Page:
We talked to the tech chief of Elon Musk's new company --  here's what he told us

Openai cto greg brockmanScreenshot/VimeoOpenAI CTO Greg Brockman

OpenAI, the new company c0-founded by Tesla CEO Elon Musk and Y Combinator President Sam Altman, took a long time to come to fruition, says CTO Greg Brockman.

But that’s ok, because with OpenAI’s self-given mission “to make sure, in the long term, AI has potential to benefit the world” and make sure those benefits are “distributed broadly and evenly,” taking your time is crucial.

“It’s really important that we get it right,” he says.

It’s important to keep the long haul in mind, Brockman says, because you can’t rush good science. With “truly some of the best scientists” on board, he expects that OpenAI will, indeed “unlock the next generation of breakthroughs,” but you’ll never know where or when those breakthroughs will strike.

“You can’t rush it, it’s serendipitious,” Brockman says.

Brockman, who jumped from payments startup Stripe to become a founding executive at OpenAI, says that the company was born of a “a bunch of conversations” between himself, Musk, Altman, and a bunch of others in the tech scene with an interest in artificial intelligence.

It was only this past January, though, that OpenAI started to go from a theory to a reality, Brockman says.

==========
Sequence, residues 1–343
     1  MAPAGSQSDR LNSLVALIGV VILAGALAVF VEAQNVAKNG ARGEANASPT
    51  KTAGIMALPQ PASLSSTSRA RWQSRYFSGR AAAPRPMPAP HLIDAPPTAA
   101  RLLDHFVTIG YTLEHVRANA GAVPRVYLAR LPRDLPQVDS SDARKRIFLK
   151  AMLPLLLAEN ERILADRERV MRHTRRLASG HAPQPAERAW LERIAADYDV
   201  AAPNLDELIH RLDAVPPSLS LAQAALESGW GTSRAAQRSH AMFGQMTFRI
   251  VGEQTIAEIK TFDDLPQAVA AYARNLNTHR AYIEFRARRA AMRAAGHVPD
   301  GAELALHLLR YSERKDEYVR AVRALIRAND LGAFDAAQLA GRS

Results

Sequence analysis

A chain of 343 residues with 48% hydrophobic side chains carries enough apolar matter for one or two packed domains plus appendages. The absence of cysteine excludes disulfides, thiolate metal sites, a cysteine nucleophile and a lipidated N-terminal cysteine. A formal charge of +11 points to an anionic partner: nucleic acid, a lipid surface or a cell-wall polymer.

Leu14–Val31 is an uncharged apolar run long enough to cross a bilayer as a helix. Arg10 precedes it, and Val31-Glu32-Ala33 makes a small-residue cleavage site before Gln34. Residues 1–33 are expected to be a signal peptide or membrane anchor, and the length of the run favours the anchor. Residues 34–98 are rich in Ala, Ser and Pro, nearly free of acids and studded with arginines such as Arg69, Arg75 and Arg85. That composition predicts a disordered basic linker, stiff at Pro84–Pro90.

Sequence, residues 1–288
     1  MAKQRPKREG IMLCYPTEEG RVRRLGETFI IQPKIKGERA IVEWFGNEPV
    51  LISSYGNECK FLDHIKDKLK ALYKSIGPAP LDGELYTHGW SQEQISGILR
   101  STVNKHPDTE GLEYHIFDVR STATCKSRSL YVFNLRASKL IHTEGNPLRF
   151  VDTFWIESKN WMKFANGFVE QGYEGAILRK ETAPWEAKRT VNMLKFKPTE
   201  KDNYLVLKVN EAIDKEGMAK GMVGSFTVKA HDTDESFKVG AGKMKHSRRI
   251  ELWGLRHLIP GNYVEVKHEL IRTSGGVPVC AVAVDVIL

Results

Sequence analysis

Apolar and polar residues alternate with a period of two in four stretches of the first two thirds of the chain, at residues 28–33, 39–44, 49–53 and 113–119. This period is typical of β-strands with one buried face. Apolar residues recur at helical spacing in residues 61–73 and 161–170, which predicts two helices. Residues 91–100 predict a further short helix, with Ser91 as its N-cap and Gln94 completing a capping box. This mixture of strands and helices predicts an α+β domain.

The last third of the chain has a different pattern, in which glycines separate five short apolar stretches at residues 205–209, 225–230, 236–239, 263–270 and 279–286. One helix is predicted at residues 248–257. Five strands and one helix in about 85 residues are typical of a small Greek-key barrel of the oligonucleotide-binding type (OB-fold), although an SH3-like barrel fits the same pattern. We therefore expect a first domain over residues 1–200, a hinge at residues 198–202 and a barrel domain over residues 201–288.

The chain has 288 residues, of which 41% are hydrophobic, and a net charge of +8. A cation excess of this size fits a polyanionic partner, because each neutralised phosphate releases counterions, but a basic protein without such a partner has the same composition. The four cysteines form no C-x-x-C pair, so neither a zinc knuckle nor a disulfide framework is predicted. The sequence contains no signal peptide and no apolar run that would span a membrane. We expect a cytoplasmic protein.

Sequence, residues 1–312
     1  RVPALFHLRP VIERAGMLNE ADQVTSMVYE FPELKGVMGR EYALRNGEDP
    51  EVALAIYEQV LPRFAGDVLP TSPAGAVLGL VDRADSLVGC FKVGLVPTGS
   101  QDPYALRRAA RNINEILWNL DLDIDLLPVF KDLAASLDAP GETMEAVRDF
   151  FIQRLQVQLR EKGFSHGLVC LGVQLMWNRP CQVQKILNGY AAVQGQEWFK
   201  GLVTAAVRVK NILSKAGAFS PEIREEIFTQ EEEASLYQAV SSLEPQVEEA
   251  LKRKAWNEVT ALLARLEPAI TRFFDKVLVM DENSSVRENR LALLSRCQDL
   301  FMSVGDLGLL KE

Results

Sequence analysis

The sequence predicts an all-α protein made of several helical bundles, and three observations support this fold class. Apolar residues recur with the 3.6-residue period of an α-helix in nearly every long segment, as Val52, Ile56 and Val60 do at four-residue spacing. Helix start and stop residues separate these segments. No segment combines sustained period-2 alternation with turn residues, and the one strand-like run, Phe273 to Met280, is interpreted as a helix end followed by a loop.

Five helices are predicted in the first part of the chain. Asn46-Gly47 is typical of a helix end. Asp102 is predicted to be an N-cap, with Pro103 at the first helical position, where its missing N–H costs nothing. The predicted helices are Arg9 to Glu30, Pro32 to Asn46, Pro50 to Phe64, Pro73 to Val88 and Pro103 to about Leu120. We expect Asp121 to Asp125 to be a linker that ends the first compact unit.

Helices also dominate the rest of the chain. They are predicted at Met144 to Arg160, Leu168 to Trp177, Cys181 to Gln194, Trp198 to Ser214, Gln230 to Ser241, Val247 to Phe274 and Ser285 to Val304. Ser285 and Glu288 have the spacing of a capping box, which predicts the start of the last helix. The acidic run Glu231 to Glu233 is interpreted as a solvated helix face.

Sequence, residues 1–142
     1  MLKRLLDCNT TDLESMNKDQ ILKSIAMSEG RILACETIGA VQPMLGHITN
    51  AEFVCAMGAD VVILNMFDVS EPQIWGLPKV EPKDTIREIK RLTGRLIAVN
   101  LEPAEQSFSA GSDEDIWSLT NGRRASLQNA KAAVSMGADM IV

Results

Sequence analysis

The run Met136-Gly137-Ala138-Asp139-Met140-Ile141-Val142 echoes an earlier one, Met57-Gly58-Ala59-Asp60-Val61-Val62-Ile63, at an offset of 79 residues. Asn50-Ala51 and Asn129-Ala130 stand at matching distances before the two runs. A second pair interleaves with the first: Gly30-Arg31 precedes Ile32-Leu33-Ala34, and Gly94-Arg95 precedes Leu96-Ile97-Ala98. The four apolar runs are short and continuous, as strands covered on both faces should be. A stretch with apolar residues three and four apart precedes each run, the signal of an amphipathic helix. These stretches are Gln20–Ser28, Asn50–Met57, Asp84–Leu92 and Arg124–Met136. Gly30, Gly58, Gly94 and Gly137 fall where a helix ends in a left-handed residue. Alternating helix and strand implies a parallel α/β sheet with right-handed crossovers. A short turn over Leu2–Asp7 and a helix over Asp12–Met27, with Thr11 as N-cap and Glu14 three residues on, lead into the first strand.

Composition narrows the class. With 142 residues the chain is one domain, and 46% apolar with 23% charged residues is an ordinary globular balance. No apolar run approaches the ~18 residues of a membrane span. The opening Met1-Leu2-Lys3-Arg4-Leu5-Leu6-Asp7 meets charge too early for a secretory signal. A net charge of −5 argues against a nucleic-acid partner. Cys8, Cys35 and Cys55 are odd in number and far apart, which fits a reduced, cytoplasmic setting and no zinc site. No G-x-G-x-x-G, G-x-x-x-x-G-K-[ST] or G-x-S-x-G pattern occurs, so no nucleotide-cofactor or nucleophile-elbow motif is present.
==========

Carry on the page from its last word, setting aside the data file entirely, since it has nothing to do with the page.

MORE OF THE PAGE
Over the intervening months, Brockman says, OpenAI’s focus was on making sure that it had the right organizational structure and recruited the right people to give it a solid foundation for its future research, over a span of years and decades, not months.

Brockman says that an “inspiration” for the organisation of OpenAI was Silicon Valley’s legendary Xerox PARC lab, the facility that created many aspects of what we now know as the PC, including the graphical user interface, the mouse, and ethernet networking. The hope is that OpenAI can have a similar impact, having no other purpose than for scientists to do science.

Crucially, too, OpenAI chose to incorporate as a nonprofit — that means it can focus on long-term science, not short-term investor pressure.

“We’re really focused on the long term,” Brockman says.

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